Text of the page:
When I first came across information about increased tissue concentration of omega 6 fatty acids I had my doubts that it was really “so simple.” As I’ve learned with other systems of the body, it’s rarely a simple matter of “put x into the tank” and “y happens.” There are many variables involved in how two people process what they ingest, and the final outcome is unpredictable.
But then David Brown nudged me about omega 6, mentioned that many of his own personal health problems have vanished since he made the minor adjustment of deleting peanut butter from his diet, and I listened to Dr. William Lands present on the predictability of omega 6 tissue concentration with various intakes. It is so predictable that Lands has created a mathematical model that predicts changes in tissue concentration based on the amount of omega 6 and omega 3 (which helps to displace and deactivate some of the omega 6, but ain’t no cure all) in the diet.
It is now fairly well-known, if not widely reported, that Westerners, particularly Americans, have a very high tissue concentration of omega 6 fatty acids – estimated as being 8 to 12 times what some consider “optimal.” This is due to the big switch from animal fats to margarines and solvent-extracted corn and soy oils that have progressed to make up a considerably larger portion of the American fat intake. Consumption of omega 6 nuts and seeds has risen dramatically as well, and the intake of poultry, the richest source of omega 6 of any animal food, has risen nearly 300% over the last 100 years.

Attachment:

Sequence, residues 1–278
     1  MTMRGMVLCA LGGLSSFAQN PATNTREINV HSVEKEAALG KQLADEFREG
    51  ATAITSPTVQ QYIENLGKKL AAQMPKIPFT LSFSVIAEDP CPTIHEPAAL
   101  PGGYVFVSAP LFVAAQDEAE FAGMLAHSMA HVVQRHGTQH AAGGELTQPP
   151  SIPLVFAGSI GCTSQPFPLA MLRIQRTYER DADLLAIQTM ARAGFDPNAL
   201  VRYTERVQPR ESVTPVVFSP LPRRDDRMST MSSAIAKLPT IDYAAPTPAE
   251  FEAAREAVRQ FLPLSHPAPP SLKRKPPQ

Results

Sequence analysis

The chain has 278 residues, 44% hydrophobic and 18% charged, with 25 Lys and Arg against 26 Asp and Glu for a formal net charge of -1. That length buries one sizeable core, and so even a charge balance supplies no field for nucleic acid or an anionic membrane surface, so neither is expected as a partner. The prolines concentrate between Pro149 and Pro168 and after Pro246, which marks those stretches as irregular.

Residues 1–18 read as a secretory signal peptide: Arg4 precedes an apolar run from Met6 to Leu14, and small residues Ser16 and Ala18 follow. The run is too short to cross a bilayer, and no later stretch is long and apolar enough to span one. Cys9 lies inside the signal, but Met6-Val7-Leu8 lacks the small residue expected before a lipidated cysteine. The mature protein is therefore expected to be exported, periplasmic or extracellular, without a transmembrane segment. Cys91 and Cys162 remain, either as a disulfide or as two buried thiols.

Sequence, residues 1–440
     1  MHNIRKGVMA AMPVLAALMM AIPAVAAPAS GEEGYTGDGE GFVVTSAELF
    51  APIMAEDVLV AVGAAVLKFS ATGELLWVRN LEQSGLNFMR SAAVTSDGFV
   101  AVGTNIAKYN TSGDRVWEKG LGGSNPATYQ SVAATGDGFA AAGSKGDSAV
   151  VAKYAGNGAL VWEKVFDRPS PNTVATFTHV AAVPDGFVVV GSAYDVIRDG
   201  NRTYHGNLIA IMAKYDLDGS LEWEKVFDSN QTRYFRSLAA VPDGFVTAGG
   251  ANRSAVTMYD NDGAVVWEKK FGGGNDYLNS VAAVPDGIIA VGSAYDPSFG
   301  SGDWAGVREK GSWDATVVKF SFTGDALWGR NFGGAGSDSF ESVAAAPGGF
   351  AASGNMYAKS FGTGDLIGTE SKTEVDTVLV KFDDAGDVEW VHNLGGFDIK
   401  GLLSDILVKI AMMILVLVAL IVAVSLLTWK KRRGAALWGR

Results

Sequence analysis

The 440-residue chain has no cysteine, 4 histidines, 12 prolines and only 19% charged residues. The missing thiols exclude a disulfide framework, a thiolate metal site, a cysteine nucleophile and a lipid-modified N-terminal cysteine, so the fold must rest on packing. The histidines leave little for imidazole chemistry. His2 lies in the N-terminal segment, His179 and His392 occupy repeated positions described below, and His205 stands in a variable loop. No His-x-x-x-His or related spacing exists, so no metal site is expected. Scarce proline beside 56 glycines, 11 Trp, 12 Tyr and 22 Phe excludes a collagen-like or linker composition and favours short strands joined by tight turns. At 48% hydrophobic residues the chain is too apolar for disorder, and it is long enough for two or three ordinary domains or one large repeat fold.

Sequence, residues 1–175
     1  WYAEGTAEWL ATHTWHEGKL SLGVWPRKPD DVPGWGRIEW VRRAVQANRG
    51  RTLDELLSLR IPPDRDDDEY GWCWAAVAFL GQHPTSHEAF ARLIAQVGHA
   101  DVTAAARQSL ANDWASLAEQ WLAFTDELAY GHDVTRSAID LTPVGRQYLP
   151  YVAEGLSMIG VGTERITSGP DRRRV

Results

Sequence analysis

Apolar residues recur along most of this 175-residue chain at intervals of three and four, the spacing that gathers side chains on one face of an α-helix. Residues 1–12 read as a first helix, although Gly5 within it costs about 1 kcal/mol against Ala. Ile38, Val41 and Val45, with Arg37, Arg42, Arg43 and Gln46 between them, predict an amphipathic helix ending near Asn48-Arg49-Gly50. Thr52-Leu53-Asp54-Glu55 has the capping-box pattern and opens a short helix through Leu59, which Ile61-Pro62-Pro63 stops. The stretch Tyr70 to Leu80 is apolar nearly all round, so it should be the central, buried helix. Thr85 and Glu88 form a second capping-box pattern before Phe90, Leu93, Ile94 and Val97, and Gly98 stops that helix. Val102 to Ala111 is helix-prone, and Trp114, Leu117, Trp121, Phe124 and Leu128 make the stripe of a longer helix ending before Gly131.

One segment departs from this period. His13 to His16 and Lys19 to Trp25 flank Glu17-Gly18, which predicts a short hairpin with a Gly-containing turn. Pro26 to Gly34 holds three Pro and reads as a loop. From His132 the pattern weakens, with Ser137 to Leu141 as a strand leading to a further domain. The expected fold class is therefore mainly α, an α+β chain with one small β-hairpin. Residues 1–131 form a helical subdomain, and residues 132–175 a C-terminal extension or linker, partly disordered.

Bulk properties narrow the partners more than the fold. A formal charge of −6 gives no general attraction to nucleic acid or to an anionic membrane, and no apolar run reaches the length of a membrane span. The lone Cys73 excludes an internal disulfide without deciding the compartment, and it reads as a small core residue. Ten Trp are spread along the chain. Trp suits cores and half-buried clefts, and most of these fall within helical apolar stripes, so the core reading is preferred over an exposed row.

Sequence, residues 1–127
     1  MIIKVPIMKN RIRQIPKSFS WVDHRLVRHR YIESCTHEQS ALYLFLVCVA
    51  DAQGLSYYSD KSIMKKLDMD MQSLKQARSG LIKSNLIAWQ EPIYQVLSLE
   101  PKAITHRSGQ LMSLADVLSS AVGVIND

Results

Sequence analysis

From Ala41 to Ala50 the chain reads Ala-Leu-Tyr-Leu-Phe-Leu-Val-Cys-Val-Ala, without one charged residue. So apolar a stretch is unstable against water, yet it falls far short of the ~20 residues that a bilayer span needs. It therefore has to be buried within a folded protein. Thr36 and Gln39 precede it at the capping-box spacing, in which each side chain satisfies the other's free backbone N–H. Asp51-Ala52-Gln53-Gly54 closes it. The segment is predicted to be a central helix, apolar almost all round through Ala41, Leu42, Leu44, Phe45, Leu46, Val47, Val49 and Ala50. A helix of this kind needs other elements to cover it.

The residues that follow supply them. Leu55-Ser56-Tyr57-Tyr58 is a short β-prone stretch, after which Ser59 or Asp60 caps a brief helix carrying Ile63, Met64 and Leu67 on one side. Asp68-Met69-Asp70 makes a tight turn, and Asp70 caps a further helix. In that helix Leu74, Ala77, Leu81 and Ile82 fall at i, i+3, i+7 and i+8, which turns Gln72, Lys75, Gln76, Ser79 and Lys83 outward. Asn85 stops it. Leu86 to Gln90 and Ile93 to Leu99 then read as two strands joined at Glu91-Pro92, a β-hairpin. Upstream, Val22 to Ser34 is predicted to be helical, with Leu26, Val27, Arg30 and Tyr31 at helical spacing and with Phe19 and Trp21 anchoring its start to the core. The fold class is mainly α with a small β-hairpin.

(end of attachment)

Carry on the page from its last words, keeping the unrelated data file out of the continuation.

How significant is this? I do not know, but the circumstantial evidence stacked up against omega 6 doesn’t look good.
My point is that we simply need to ignore the banter about what is and is not a healthy food, and instead focus on what we need to do to actually make some progress in overturning this high omega 6 imbalance. It takes more than just cutting out vegetable oil. It takes a concentrated effort to keep omega 6 at levels low enough that omega 6 tissue concentration falls substantially.